MAY 2014 BAD FAITH CASES: COURT DENIES MOTION TO STRIKE AVERMENT OF CONTRACTUAL DUTY OF GOOD FAITH, BUT GRANTS MOTION REQUIRING A MORE DEFINITE STATEMENT FROM PLAINTIFF-INSURED TO PLEAD MORE FACTUAL AND LEGAL DETAIL SUPPORTING HER STATUTORY BAD FAITH CLAIM (Middle District)
In Hoffer v. Grange Insurance Company, the Magistrate Judge addressed, via his Report and Recommendation which was later adopted by the District Court, two technical motions under the Federal Rules of Civil Procedure: a Rule 12(f) motion to strike a paragraph of the Complaint; and requiring a more definite statement of a claim under Rule 12(e). The matter in dispute was a breach of contract and bad faith UIM case.
Addressing the Rule 12(f) motion, the court refused to strike the averment: “[a]s [the insured’s] insurer, Defendant owes a fiduciary, contractual and statutory obligation to investigate, evaluate, and negotiate the UIM claim in good faith and to arrive at a prompt, fair and equitable settlement.” The court recognized such motions are not favored, and that a judge should only use the discretion to strike averments in a pleading only when those pleadings are both redundant, immaterial, impertinent, or scandalous and unfairly prejudicial to the opposing party. In fact, the court found the averment unremarkable and consistent with Pennsylvania law.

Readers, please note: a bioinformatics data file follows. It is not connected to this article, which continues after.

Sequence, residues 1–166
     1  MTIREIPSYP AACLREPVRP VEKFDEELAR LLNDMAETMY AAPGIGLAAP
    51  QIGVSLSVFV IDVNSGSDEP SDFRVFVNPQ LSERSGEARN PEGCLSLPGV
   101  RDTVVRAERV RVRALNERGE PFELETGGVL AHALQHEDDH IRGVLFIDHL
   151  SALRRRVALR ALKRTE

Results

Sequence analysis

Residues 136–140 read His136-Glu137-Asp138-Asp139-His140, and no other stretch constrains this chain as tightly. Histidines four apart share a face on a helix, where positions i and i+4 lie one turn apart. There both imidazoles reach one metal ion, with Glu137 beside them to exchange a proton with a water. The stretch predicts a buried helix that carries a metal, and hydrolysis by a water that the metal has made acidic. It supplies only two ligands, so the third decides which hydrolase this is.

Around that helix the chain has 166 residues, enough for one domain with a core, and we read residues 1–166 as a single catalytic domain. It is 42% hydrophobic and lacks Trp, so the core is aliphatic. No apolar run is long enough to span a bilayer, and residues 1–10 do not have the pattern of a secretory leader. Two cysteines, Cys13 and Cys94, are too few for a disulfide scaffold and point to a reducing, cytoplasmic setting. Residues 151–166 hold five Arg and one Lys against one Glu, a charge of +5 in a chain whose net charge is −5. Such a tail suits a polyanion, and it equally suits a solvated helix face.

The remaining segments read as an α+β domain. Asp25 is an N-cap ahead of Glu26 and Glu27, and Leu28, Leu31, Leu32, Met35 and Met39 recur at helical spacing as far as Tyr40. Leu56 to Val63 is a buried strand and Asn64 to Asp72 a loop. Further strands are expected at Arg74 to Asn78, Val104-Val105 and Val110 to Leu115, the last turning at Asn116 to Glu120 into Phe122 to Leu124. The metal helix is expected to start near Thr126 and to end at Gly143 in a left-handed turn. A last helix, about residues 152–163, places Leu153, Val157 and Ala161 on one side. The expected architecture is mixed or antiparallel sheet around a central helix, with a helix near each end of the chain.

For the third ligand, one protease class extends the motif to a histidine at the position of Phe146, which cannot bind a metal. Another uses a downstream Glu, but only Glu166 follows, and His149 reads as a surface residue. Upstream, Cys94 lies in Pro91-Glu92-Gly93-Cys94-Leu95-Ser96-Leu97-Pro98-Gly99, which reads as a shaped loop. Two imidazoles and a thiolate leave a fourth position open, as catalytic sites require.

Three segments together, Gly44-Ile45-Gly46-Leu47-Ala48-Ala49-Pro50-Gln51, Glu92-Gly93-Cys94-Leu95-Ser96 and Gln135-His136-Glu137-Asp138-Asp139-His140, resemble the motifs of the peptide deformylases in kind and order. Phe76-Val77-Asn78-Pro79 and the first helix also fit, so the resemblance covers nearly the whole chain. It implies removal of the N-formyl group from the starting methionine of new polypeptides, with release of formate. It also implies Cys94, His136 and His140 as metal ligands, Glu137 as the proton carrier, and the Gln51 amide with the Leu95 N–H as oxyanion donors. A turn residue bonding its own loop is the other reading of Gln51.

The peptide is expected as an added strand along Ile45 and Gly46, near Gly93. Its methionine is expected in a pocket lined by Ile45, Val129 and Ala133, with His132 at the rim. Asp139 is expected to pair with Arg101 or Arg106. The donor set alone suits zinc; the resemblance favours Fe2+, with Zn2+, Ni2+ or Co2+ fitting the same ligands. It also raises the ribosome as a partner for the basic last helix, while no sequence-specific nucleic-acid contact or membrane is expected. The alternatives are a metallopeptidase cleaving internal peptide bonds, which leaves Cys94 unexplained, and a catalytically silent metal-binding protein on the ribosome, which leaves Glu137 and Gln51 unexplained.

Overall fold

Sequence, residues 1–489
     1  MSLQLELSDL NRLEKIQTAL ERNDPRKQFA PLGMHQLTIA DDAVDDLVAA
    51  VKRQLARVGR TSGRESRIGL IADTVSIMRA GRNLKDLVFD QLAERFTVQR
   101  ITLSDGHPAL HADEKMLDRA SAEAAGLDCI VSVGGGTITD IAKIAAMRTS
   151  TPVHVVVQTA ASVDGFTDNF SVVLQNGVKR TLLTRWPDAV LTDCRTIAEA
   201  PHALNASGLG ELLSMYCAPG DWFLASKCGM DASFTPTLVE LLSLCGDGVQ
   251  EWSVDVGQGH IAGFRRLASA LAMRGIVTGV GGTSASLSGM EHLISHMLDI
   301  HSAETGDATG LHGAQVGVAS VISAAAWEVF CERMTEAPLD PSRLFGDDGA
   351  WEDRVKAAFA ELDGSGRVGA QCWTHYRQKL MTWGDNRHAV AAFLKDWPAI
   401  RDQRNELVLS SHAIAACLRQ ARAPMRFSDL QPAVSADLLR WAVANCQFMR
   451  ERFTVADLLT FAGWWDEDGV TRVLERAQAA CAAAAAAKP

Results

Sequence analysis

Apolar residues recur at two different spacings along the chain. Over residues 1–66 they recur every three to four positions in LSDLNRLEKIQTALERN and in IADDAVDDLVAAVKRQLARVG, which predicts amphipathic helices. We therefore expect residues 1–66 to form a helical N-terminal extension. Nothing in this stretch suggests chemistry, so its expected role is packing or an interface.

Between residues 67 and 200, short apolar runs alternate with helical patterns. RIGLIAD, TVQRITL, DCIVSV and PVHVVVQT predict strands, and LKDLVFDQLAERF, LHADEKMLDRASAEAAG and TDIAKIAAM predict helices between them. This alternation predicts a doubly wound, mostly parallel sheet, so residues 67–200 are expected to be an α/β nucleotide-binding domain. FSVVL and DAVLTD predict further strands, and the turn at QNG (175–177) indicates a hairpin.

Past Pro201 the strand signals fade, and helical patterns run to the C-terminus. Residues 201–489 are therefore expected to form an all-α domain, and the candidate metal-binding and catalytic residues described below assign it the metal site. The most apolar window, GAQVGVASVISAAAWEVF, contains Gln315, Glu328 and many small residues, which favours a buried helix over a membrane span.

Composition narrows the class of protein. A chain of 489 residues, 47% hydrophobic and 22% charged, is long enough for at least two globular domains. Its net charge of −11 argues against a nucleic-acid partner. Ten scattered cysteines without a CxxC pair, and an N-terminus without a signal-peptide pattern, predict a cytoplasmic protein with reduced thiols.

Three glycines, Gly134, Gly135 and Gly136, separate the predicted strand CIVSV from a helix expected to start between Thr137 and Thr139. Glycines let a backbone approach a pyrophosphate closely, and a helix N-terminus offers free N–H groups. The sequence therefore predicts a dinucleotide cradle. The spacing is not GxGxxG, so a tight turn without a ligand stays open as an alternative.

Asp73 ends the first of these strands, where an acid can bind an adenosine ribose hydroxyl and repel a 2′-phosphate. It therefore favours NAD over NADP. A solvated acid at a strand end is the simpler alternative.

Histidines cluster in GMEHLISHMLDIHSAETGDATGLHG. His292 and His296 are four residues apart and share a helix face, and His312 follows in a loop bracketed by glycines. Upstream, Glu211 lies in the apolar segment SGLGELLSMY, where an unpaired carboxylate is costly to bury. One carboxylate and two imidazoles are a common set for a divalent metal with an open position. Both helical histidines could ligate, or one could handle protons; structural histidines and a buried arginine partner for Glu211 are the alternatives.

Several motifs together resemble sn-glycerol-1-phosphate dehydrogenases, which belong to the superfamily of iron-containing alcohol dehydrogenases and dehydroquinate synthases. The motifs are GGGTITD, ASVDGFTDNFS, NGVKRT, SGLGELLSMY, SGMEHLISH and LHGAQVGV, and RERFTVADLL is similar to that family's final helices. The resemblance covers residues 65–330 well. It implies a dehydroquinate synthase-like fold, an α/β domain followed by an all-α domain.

One of the plaintiff’s arguments against the motion to strike was that this averment tied into a statutory bad faith. However, this claim was not clearly pleaded, and the court used the authority of Rule 12(e) to direct plaintiff to make a more definite statement of the section 8731 count. The court quoted Third Circuit precedent: “When a complaint fashioned under a notice pleading standard does not disclose the facts underlying a plaintiff’s claim for relief, the defendant cannot reasonably be expected to frame a proper, fact-specific…defense…. The Rule 12(e) motion for a more definite statement is perhaps the best procedural tool available to obtain the factual basis underlying a plaintiff’s claim for relief.”
Thus, since the complaint did not clearly articulate the legal and factual footing for any statutory bad faith claim, and did not even specifically identify a claim under Pennsylvania’s bad faith statute, directing the insured to provide a more definite statement at the outset was deemed the prudent, appropriate exercise of the court’s discretion.
Date of Decision: Report and Recommendation of Magistrate Judge April 30, 2014, adopted by District Court May 23, 2014